Ministers of housing from some 70 countries across the Asia-Pacific will gather in the Indian capital New Delhi 13-16 December at the region’s first high-level meeting aimed at tackling shelter problems in a part of the world that is home to two-thirds of the global slum population.
The Asia-Pacific Ministerial Conference on Housing and Human Settlements (APMCHHS) is being jointly organized by UN-HABITAT and the Indian Ministry of Housing and Urban Poverty Alleviation.
The conference theme, “A vision for sustainable urbanisation in the Asia-Pacific by 2020”, is aimed at galvanizing government action and political commitment at the regional level to improve the lives 581 million slum dwellers. The conference is expected to produce a new vision of what the region’s urban landscape will look like in the next 15 years. It is thus expected to capitalize on the opportunities of its rapid economic growth by engaging in a creative dialogue on measures to implement effective and sustainable urbanisation policies.
Despite its rapid economic growth and many dynamic economies in a rapidly urbanizing region, over two-thirds of the developing world’s population living in overcrowded conditions resides in Asia. UN-HABITAT research shows that overcrowding and poor ventilation is directly related to the rates of illness, child mortality, crime and other anti-social behaviour.
Globally, half of humanity already lives in cities. Fifty years ago, that figure was just one-third. In Asia, where 40 percent of people lived in towns and cities last year, the urban proportion of the population is expected to soar to 56 per cent by 2030.
“Never before in history has the world witnessed such a rapid growth of urbanisation. How we manage this situation is arguably the biggest problem confronting humanity in the 21st century,” said the United Nations Under-Secretary-General and Executive Director of UN-HABITAT, Mrs. Anna Tibaijuka said in a statement.
By 2020, Asia will be home to 12 of the world’s largest cities with populations of over 20 million. Despite impressive growth in China and India in the last decade, to cite to recent examples of UN-HABITAT research, neither country has been able to bridge the gap between rich and poor, whether in the countryside or in cities. In the year 2001, 38 per cent of urban residents in China lived in slums, compared to 56 per cent in India. In Bangladesh, 85 per cent of the urban populations live in slums, while Pakistan stood at 74 per cent. Four out of 10 children living in the slums of Bangladesh and Nepal are undernourished. Urban crime increases are directly linked to growing urban poverty; the list goes on.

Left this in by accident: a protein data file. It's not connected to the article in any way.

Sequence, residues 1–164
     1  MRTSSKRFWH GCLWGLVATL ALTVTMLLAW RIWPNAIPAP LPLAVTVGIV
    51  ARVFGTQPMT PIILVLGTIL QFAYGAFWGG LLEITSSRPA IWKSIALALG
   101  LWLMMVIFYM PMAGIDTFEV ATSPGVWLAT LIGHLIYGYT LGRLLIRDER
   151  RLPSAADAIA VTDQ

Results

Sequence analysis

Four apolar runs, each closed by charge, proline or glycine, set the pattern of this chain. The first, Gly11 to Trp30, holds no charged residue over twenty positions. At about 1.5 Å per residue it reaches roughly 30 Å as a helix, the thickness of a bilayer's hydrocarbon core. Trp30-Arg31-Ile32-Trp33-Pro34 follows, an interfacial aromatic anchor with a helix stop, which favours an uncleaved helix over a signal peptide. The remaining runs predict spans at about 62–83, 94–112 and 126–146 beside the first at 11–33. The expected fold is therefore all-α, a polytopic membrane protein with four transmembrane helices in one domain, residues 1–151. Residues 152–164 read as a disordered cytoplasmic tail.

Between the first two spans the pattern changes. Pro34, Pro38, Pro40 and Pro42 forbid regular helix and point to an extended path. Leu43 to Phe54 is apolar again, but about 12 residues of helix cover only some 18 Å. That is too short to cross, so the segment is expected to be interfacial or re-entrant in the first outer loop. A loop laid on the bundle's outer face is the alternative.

This huge urban growth in the region is crying out for new methods of urban planning, management, financing and service delivery aimed at creating socially inclusive cities. The conference will thus seek to share experiences and learn from best practices in the implementation of pro-poor urban policies and enabling legislation.
Ministers will seek to develop a uniform mechanism for monitoring and reporting progress in the Asia-Pacific region on the Millennium Development Goals, especially Target 10 on halving the number of people without access to clean water and sanitation by the year 2015. Likewise, Target 11 on improving the lives of 100 million slum dwellers by the year 2020.
“With 1 billion people living in slums, and thousands joining them every day, we are indeed sitting on a social time bomb that is ticking away quietly in many overcrowded, poverty-stricken corners of a geopolitical chessboard already fraught with problems,” Mrs. Tibaijuka added. “If current trends continue, UN-HABITAT estimates that the global slum population will reach 1.4 billion by the 2020 target date. What will be the implications for the Asia-Pacific region then?”
The New Delhi conference follows closely in the footsteps of two similar regional conferences in Latin America (MINURVI) and in Africa (AMCHUD). In both regions, permanent secretariats have been established as part of a political process aimed at keep growing urban poverty high on the agenda. The process has been repeatedly backed by the 58 member governments of the Governing Council that meets every two years to set UN-HABITAT work programme.
In a statement leading up to the conference, Prime Minister Manmohan Singh of India said: “Cities and towns are centres of growth and generators of employment opportunities. Our cities need to have a new look for which they need massive investment and renewal. They need basic amenities like sanitation, drinking water and proper housing for the poor. They need public transport, parks and playgrounds. We need cities in which the working poor can live with self-respect and dignity; cities in which children and women feel safe and secure. … I see a glorious decade of city development ahead of us.”
Besides the ministers, Prime Minister Singh and Mrs. Tibaijuka, other personalities expected to attend proceedings and visit the city exhibition at New Delhi’s Vigyan Bhawan conference centre, are President APJ Abdul Kalam of India, and Congress Party President Sonia Gandhi.
Some of the key outputs envisioned include a work programme so that future high-level meetings can discuss progress on socially inclusive housing and urban policies by learning from best practices and pro-poor policies and rights-based legislation. Other key points include the development of a regional mechanism for monitoring progress on the Millennium Development Goals, fostering new partnerships to support implementation of the goals and the Habitat Agenda, and the global blueprint for equitable shelter and sustainable cities.
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